Antibodyanti-GFP, Alexa488
(Rabbit polyclonal)
Thermo Fisher ScientificCat # A-21311; RRID:AB_221477(1:1000)
Antibodyanti-GFP (Chicken polyclonal)Thermo Fisher ScientificCat # A10262; RRID:AB_2534023(1:1000)
Antibodyanti-Chinmo (Rabbit polyclonal)Zhu et al., 2006(1:1000)
Antibodyanti-Chinmo (Rat)Wu et al., 2012(1:500)
Antibodyanti-Trio (Rabbit)Awasaki et al., 2000(1:1000)
Antibodyanti-Abrupt (Rabbit)Hu et al., 1995(1:200)
Antibodyanti-Imp (Rabbit)gift from Paul Macdonald(1:600)
Antibodyanti-Syp (Genia pig)gift from Ilan Davis(1:500)
Antibodyanti-Trio (Mouse monoclonal)Developmental Studies Hybridoma Bank9.4A;Registry ID:AB_528494(1:200)
Antibodyanti-Fas-II (Mouse monoclonal)Developmental Studies Hybridoma Bank1D4; Registry ID:AB_528235(1:40)
Antibodyanti-nc82 (Mouse monoclonal)Developmental Studies Hybridoma Banknc82; Registry ID:AB_2314866(1:100)
Antibodyanti-chicken, Alexa488 (Goat)Thermo Fisher ScientificCat # A-11039; RRID:AB_2534096(1;500)
Antibodyanti-mouse, Alexa568 (Goat)Thermo Fisher ScientificCat # A-11031; RRID:AB_144696(1;500)
Antibodyanti-rabbit, Alexa647 (Goat)Thermo Fisher ScientificCat # A-21244; RRID:AB_2535812(1;500)
Antibodyanti-Rat, Alexa568 (Goat)Thermo Fisher ScientificCat # A-11077; RRID:AB_2534121(1;500)
Antibodyanti-rabbit, Alexa568 (Goat)Thermo Fisher ScientificCat # A-11036; RRID:AB_10563566(1;500)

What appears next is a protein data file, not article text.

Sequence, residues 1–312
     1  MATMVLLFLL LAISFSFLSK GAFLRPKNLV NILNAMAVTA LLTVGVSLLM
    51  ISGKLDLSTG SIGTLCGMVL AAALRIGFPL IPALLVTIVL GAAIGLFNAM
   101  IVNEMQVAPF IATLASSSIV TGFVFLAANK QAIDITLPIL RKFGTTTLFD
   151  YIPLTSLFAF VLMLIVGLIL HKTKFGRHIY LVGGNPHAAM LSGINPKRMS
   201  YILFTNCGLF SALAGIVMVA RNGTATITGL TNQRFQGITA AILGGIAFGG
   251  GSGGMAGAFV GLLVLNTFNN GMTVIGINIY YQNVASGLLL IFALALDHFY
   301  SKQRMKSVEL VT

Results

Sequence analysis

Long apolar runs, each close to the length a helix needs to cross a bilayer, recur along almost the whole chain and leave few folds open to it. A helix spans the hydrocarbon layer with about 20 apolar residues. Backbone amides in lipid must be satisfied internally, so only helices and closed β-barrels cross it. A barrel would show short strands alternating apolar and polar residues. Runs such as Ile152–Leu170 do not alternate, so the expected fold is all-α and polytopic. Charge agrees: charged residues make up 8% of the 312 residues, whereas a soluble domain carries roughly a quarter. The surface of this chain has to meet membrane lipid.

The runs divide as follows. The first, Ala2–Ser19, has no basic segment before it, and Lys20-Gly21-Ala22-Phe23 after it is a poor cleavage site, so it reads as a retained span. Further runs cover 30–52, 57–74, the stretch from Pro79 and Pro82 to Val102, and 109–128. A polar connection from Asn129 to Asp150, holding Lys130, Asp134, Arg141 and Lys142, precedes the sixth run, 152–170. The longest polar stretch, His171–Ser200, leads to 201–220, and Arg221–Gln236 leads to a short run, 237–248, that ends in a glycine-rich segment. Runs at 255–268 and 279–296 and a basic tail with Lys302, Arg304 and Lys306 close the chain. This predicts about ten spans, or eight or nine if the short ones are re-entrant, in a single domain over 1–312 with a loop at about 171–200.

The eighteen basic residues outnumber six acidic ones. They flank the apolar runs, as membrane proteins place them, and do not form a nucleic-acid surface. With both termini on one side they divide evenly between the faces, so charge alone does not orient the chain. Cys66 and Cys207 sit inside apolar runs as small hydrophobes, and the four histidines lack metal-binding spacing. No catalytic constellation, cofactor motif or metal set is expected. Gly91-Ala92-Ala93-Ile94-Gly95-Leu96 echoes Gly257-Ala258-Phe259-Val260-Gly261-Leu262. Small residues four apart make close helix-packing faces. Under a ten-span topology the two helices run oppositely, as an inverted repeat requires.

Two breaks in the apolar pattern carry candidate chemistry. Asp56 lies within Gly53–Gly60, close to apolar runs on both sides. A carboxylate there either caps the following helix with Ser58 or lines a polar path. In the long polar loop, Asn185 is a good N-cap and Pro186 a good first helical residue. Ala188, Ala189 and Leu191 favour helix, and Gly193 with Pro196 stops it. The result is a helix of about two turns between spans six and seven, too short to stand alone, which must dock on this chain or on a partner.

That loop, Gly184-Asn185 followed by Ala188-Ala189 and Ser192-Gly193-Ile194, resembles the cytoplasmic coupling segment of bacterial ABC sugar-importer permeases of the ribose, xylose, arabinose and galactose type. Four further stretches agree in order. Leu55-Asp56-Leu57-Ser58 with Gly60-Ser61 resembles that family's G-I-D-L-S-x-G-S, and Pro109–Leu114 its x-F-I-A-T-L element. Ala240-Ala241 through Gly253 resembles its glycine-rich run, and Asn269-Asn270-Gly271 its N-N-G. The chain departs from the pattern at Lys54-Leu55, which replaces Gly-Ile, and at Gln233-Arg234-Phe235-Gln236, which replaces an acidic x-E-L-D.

Antibodyanti-mouse, Alexa647 (Donkey)Jackson ImmunoResearch lab, Inc.Cat # 715-605-151(1;500)
Antibodyanti-Rat, DyLight405 (Goat)Jackson ImmunoResearch lab, Inc.Cat # 112-475-167(1;200)
Chemical compound, drugParaformadehyde20% Solution, EM GradeElectron Microscopy SciencesCat # 15713
Chemical compound, drugPhosphate Buffered Saline 10X,Molecular Biology GradeThermo Fisher ScientificCat # 46–013 CM
Chemical compound, drugTriton X-100Sigma-AldrichCat # 329830772
Chemical compound, drugSlowFadeTM Gold antifade MountantThermo Fisher ScientificCat # S36936
Chemical compound, drugRNase-free 1x PBSThermo Fisher ScientificCat # BP2438-4
Chemical compound, drugAcetic Acid, GlacialThermo Fisher ScientificCat # A38S-500
Chemical compound, drugSodium borohydrideAcros Organics/Thermo Fisher ScientificCat # AC448481000
Chemical compound, drugInvitrogen SSC (20X)Thermo Fisher ScientificCat # AM9763
Chemical compound, drugHi-Di formamideApplied Biosystems/Thermo Fisher ScientificCat # 4311320
Chemical compound, drugAlfa Aesar Denhardt's solution (50X)Alfa Aesar/Thermo Fisher ScientificCat # AAJ63135AD
Chemical compound, drugtRNA from Baker's yeastRocheCat # 10109495001
Chemical compound, drugUltraPure Salmon Sperm DNA SolutionThermo Fisher ScientificCat # 15632011
Chemical compound, drugCorning 10% SDSCorning/Thermo Fisher ScientificCat # 46–040 CI
Chemical compound, drugDeionized formamideAmbion/Thermo Fisher ScientificCat # AM9342
Chemical compound, drugRNaseZap RNase Decontamination SolutionThermo Fisher ScientificCat # AM9780
Chemical compound, drugPoly-L-lysine hydrobromideSigma-AldrichCat # P1524-25MG
Chemical compound, drugCy3 Mono-Reactive Dye PackGE Healthcare Life SciencesCat # PA23001